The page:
Mirzakhani and at least two other survivors later left their country, underlying Iran’s long-standing brain drain difficulties.
“A light was turned off today, it breaks my heart … Gone far too soon,” said Firouz Naderi, an Iranian Nasa scientist. “A genius? Yes. But also a daughter, a mother and a wife.”
Tessier-Lavigne, the Stanford president, described Mirzakhanai as “a brilliant mathematical theorist, and also a humble person who accepted honours only with the hope that it might encourage others to follow her path.”
Edward Frenkel, University of California Berkeley professor and the author of the New York Times bestseller Love and Math, tweeted: “RIP #MaryamMirzakhani – a great mathematician and wonderful human being who broke a glass ceiling and inspired many, men and women alike.”
Mirzakhani predominantly worked on geometric structures on surfaces and their deformations.
A statement from Stanford said she “specialised in theoretical mathematics that read like a foreign language by those outside of mathematics: moduli spaces, Teichmüller theory, hyperbolic geometry, Ergodic theory and symplectic geometry.”
In a rare 2008 interview, with the Clay Mathematics Institute, Mirzakhani said as a child she dreamt of becoming a writer and did poorly at maths at school.
“I never thought I would pursue mathematics until my last year in high school,” she said, crediting her older brother for getting her interested in maths and science.
“My older brother was the person who got me interested in science in general. He used to tell me what he learned in school. My first memory of mathematics is probably the time that he told me about the problem of adding numbers from 1 to 100.” (The answer is 5,050 and the trick is to look at pairs that add up to 101.)
15 Women Kidnapped From Islamabad Limits in June
July 15, 2017
Islamabad - Around 15 cases of kidnapping of women were registered in various police stations of the capital city in the month of June this year besides two cases of kidnapping of male citizens, suggests the police data.
The kidnapped women included girls and married women who were abducted for various reasons, including the one ‘in order to subject person to unnatural lust’, the most heinous of the crimes against women.
Recovery of the women has had always been a problem which takes months in normal circumstances. On the other hand, police also took considerable time to register these cases. In some cases, police took more than a week to even register the case.
The data gathered from 21 police stations of the city revealed that women were more vulnerable to kidnapping in the capital, as compared to male segment of the society. The increasing incidents of female kidnappings indicate that women are not safe, even in the capital, and can easily fall prey to kidnappers. A senior police official said, on condition of anonymity, that in some registered FIRs pertaining to women’s matters are labelled kidnapping cases, while the reality was much different.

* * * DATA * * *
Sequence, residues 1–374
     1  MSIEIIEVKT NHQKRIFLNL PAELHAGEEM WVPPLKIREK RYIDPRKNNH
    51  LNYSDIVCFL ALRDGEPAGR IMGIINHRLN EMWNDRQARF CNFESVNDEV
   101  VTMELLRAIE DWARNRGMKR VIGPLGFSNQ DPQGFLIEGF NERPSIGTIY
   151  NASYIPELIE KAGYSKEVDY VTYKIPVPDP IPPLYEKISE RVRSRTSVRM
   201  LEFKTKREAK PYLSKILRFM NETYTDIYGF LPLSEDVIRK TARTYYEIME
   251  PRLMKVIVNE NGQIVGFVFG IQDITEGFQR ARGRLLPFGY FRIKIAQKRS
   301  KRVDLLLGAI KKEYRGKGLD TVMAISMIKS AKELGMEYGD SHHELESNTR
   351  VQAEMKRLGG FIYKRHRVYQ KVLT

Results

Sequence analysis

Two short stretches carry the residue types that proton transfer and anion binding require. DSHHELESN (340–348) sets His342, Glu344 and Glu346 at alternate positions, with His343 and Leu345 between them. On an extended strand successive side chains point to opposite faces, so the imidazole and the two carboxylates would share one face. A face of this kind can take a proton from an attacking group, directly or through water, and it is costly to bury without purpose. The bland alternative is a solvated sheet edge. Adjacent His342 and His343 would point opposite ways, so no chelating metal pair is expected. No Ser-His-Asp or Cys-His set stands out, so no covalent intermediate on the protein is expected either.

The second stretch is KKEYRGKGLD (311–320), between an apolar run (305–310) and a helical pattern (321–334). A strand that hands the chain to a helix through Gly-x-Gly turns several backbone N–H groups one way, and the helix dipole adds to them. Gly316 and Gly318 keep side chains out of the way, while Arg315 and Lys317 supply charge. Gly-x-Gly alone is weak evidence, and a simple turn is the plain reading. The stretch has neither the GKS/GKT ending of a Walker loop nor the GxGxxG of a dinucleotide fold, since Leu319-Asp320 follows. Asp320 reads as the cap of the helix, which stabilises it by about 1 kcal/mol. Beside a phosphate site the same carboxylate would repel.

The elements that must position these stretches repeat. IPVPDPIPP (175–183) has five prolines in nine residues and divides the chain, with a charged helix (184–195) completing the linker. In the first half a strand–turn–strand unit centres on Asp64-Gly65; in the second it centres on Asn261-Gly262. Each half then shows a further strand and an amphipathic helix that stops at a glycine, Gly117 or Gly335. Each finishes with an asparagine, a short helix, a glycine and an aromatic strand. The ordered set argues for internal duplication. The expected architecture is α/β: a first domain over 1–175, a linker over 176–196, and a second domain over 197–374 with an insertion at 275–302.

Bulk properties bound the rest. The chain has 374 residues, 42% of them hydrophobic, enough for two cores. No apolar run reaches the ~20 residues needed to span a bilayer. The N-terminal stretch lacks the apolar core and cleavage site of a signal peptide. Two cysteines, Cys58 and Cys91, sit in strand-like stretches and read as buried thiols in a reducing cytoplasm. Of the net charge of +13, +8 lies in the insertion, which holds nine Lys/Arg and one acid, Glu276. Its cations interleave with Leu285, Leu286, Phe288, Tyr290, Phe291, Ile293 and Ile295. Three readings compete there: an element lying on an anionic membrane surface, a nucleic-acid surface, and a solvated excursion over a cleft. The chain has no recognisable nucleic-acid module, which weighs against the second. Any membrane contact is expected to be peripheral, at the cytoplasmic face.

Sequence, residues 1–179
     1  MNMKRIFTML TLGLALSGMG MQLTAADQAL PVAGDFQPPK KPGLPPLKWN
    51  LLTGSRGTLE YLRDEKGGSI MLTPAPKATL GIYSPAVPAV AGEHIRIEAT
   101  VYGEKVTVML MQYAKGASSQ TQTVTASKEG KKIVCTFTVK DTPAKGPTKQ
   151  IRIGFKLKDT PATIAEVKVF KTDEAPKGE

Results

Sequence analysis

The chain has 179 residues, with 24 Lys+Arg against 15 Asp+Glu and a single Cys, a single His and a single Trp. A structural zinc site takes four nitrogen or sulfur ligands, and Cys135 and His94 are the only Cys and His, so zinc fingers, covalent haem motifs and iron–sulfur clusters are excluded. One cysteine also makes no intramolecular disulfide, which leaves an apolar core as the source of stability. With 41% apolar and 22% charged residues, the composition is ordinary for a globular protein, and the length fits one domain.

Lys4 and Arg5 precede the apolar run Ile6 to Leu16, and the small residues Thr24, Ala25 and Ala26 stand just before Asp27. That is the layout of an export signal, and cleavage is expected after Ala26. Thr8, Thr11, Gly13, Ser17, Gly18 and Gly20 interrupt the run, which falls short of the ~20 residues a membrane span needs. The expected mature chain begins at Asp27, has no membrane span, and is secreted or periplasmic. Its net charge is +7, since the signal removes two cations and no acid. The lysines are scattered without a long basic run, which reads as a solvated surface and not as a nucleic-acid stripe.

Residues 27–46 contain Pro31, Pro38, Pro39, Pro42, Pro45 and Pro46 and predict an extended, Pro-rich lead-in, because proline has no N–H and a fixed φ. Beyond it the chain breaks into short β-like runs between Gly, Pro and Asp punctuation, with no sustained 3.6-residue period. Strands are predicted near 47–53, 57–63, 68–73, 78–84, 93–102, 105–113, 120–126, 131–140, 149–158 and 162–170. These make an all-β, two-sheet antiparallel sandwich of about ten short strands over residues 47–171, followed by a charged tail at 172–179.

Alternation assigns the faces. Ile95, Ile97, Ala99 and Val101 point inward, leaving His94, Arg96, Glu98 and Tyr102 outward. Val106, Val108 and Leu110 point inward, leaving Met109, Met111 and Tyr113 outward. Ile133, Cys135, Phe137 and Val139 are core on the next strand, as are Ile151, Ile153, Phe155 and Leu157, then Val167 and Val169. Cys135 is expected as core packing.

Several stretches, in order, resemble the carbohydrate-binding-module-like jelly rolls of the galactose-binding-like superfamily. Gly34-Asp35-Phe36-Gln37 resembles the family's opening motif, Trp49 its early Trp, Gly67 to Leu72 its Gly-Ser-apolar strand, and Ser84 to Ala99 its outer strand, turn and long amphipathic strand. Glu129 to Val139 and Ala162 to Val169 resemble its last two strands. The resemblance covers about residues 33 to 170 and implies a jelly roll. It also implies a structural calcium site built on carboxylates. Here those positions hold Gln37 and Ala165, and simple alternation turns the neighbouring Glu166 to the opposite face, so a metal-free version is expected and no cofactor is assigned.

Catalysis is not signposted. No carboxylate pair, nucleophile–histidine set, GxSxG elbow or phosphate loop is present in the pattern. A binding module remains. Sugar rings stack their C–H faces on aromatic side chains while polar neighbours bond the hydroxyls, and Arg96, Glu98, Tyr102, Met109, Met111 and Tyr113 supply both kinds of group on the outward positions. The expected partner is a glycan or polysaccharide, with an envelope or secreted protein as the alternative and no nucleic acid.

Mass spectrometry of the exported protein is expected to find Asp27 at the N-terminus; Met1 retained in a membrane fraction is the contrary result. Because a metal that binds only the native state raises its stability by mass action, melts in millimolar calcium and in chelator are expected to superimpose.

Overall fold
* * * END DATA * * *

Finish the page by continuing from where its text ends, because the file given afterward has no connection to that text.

“Parents lodge FIRs against the accused when women marry against the will of their parents, just to save their self respect. In other cases, when a girl elopes with her paramour, the parents approach police for criminal case against the accused,” he said. The data shows that Shahzad Town police, Aabpara police, Noon police, Koral police, Secretariat police, Tarnol police, Lohi Bher police, Kohsar police, Golra police and Karachi Company police registered one such case during the said period while Shalimar police and Ramna police registered two such cases each in which a total of 15 women were kidnapped.
Majority of the cases have been registered under section 365-B and 496-A of the PPC. Ramna police registered a case on June 23 while the incident took place on April 28. Golra police registered a case on June 20 while the incident took place on May 29.
According to the official figures, in 2016, Islamabad saw a 160 per cent increase in rape cases. In a reply submitted to the National Assembly in March this year by Interior Minister Chaudhary Nisar Ali Khan, the interior ministry revealed that crimes against women had risen sharply in the federal capital. 15 cases of rape were reported in the federal capital in 2015, but the number jumped to 39 in 2016, the document said.
Family Says No Communication with Dr Aafia Siddiqui
July 16, 2017
KARACHI - The family members of Dr Aafia Siddiqui have said that they have not talked to her on telephone for the last two years, fearing this facility may have been withdrawn.
In a press release issued here on Saturday, Aafia Movement Pakistan leader Dr Fawzia Siddiqui said that she and other members of Aafia’s family were extremely concerned about her health and wellbeing, as they had no telephonic communication with her for the last two years.
“Because of that we do not know how she is passing her days in detention in the American jail,” she said.
She regretted that the family members could not talk to her even on the occasion of Eidul Fitr.
She said Pakistani embassy officials in the US had failed to take steps for the resumption of telephonic communication of Aafia with her family.
“They have also failed to take concrete steps to seek her release,” she said, and added, “It is necessary that the government officials discharge their duties honestly so that the confidence of people is resorted in them.”